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The association of weight loss with patient experience and outcomes in a population of patients with type 2 diabetes mellitus prescribed canagliflozin

Authors Gerlanc NM, Cai J, Tkacz J, Bolge SC, Brady BL

Received 9 December 2016

Accepted for publication 17 January 2017

Published 20 March 2017 Volume 2017:10 Pages 89—99

DOI https://doi.org/10.2147/DMSO.S129824

Checked for plagiarism Yes

Review by Single-blind

Peer reviewers approved by Dr Amy Norman

Peer reviewer comments 2

Editor who approved publication: Professor Ming-Hui Zou

Nicole M Gerlanc,1 Jennifer Cai,2 Joseph Tkacz,1 Susan C Bolge,2 Brenna L Brady1

1Health Analytics, LLC Columbia, MD, USA; 2Janssen Scientific Affairs, LLC Titusville, NJ, USA

Objective: Type 2 diabetes mellitus (T2DM) is a chronic condition complicated by being overweight or obese. This study used a patient survey to assess health, satisfaction, and diabetes self-management in relation to weight management.
Methods: A survey including the Current Health Satisfaction Questionnaire, Diabetes Distress Scale, and Diabetes Treatment Satisfaction Questionnaire was administered using an online platform to a sample of 205 patients with T2DM prescribed canagliflozin. Patients were placed into 5 groups based on their self-reported weight change since initiation of canagliflozin: Lost >10 lbs, Lost 5–10 lbs, Lost <5 lbs, No Change, and Gained Weight. One-way ANOVAs, Kruskall–Wallis tests, and multivariable regression were used to explore differences between weight loss groups.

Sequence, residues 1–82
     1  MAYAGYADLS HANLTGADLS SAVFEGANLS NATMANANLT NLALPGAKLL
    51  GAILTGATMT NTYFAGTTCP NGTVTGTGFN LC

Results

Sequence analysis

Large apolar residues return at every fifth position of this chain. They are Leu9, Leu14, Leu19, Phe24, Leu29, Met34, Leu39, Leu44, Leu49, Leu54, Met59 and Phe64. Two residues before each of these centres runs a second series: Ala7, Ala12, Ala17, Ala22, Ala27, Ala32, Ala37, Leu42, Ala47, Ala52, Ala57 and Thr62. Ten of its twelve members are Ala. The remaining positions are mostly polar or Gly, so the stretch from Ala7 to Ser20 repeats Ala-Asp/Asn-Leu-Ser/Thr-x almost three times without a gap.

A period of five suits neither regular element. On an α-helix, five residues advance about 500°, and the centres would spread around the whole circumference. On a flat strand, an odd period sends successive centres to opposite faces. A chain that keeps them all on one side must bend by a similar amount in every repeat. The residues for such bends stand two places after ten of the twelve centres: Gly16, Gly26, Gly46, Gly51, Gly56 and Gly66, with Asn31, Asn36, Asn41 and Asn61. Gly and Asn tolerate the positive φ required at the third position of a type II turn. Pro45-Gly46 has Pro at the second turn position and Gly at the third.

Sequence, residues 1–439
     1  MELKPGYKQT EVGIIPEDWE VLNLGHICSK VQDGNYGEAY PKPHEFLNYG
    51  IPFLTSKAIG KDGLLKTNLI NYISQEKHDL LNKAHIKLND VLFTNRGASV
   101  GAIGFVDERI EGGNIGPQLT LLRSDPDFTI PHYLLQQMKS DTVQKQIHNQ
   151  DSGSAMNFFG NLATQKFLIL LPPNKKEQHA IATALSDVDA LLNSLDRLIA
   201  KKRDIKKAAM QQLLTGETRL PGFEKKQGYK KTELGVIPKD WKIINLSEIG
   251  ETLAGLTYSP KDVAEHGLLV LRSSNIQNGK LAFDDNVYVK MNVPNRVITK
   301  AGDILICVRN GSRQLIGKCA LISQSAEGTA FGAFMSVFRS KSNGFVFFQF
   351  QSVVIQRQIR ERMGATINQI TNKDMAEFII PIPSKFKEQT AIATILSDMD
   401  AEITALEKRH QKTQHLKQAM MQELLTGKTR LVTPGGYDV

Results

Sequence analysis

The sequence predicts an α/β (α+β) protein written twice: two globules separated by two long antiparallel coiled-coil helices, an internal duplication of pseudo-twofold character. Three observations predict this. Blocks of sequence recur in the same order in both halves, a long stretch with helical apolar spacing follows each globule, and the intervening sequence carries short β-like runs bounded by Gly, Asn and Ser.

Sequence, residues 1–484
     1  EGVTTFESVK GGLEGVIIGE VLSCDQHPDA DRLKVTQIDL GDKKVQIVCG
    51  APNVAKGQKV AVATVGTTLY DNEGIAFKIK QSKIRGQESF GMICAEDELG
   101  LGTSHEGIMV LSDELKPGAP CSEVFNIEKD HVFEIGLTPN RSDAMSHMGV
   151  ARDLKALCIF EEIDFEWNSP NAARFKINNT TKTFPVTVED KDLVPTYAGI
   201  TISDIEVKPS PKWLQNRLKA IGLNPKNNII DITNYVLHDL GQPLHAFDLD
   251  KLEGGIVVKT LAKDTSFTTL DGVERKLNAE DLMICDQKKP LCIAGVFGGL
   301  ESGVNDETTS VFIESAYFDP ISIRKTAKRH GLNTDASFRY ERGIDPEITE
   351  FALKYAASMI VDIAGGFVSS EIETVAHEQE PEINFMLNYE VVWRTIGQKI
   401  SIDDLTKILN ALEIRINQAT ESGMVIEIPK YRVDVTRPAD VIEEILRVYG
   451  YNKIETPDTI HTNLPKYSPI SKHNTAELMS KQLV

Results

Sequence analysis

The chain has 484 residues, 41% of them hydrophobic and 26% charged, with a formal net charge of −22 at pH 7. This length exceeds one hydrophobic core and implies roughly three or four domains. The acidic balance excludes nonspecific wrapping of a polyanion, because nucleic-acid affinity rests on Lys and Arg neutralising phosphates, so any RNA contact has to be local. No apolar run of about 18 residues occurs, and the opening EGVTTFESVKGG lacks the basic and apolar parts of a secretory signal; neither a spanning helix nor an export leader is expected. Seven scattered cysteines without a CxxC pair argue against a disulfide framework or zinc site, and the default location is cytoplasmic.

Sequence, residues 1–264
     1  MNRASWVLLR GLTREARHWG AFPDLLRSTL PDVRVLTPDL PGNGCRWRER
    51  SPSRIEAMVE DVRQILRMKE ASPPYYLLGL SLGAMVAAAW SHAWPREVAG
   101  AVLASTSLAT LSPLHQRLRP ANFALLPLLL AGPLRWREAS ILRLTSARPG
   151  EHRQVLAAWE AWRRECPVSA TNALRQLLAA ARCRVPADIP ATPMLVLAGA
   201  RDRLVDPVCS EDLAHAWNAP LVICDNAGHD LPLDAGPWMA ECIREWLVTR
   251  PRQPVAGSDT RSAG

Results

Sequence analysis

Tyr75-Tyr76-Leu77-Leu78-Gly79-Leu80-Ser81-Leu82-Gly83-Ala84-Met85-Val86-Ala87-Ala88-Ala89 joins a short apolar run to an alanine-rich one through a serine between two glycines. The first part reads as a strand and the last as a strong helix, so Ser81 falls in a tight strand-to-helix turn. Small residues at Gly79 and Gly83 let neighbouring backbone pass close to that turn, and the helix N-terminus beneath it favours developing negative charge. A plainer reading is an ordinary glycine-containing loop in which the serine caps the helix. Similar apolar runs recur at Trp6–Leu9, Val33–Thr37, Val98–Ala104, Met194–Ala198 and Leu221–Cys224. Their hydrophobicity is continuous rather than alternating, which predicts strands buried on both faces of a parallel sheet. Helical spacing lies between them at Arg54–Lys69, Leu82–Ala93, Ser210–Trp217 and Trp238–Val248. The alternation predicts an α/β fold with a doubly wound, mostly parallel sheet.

Results: The majority of patients (66.8%) reported losing weight. Compared to other groups, patients who lost >10 lbs were more likely to be engaged in a weight loss program for at least 6 months. Patients in the Lost >10 lbs and Lost 5–10 lbs groups reported the greatest satisfaction with canagliflozin (p<0.05 for both). Multivariable analyses controlling for patient demographic and treatment characteristics revealed that losing >10 lbs was associated with reduced diabetes distress, improved A1c and blood glucose levels, and decreased perceived frequency of hyperglycemia (p<0.05).
Conclusion: Increased positive patient outcomes, engagement in diabetes self-management, and medication satisfaction were observed among patients who reported weight loss. These findings suggest that a T2DM regimen that includes canagliflozin as part of a weight loss regimen can help improve patient outcomes and experiences with T2DM.

Keywords: T2DM, patient outcomes, diabetes self-management, SGLT2 inhibitor, weight management

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